Hackers exploit vulnerability stolen from NSA
The destructive power of ransomware was on full display today across nearly 100 countries worldwide, including the US, China Great Britain, Russia and Japan. Affected computers at countless organizations, including the UK’s National Health Service, displayed a message demanding $300 in Bitcoin to unlock stored data.
The tools used by hackers to commandeer the computers are believed to have been stolen from the US National Security Agency. The attacks caused serious business continuity issues at affected organizations and created havoc at some UK hospitals.
Experts believe the widespread incidents are linked, and some are describing today’s events as the “big one”—the massive ransomware event they believed was inevitable unless governments and companies across the globe took immediate proactive security measures.
Adam Kujuwa, a director at Malwarebytes, which discovered the original instance of today’s ransomware, said in a Wired article that today’s attacks are unprecedented.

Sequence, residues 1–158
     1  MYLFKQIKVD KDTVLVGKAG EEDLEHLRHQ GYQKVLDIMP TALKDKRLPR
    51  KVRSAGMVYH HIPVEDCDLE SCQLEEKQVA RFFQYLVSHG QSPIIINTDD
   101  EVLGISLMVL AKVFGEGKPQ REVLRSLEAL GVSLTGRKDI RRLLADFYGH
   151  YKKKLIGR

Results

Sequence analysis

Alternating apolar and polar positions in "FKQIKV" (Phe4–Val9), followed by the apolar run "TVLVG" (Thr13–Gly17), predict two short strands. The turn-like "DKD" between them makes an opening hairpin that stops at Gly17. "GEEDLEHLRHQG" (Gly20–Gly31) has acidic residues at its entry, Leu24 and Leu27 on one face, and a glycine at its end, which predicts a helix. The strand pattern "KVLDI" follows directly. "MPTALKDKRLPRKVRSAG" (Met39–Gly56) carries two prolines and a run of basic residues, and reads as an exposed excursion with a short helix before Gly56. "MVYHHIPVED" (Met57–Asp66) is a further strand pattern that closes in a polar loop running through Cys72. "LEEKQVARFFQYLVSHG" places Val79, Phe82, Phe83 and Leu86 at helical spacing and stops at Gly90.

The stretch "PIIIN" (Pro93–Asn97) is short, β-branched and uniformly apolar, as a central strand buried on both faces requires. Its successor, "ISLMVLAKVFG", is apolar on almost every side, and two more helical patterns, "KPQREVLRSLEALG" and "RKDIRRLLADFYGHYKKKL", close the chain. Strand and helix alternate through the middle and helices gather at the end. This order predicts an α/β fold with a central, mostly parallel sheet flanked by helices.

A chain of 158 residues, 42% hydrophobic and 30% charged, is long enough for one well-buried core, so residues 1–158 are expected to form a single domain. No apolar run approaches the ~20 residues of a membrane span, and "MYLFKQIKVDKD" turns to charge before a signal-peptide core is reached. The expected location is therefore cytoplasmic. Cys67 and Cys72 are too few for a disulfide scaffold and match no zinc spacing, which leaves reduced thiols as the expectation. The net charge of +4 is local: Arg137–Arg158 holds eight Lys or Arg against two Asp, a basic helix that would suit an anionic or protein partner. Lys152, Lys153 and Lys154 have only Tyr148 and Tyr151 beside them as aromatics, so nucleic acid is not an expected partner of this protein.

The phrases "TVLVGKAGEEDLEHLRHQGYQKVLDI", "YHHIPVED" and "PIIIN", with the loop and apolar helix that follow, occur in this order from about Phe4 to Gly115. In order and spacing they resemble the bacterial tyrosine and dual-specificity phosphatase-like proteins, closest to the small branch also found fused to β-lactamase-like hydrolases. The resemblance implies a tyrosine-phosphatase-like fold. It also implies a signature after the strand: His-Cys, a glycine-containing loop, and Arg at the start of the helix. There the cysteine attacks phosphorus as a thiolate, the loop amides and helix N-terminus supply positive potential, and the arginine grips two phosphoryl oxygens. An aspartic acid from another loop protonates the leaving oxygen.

“The spread is immense,” he said. “I’ve never seen anything before like this. This is nuts.”
Illustration by Malwarehunterteam
Endpoint backup is an effective way to defend against ransomware.
“If you have a sound backup and recovery solution, you can recover files and resume normal operations instantly,” Vaultize’s Sameer Vitkar wrote in a recent blog post. “The extortion attempt can be greatly diminished if IT can recover infected files quickly. Having backup processes in place also protects your corporate data from instances of human error, accidents, hardware failures and any disaster that may otherwise result in complete or partial data loss. Basically, the investment in an endpoint backup and data protection solution is like investing in a “Kidnap and Ransom (K&R)” insurance – popular in the real world.”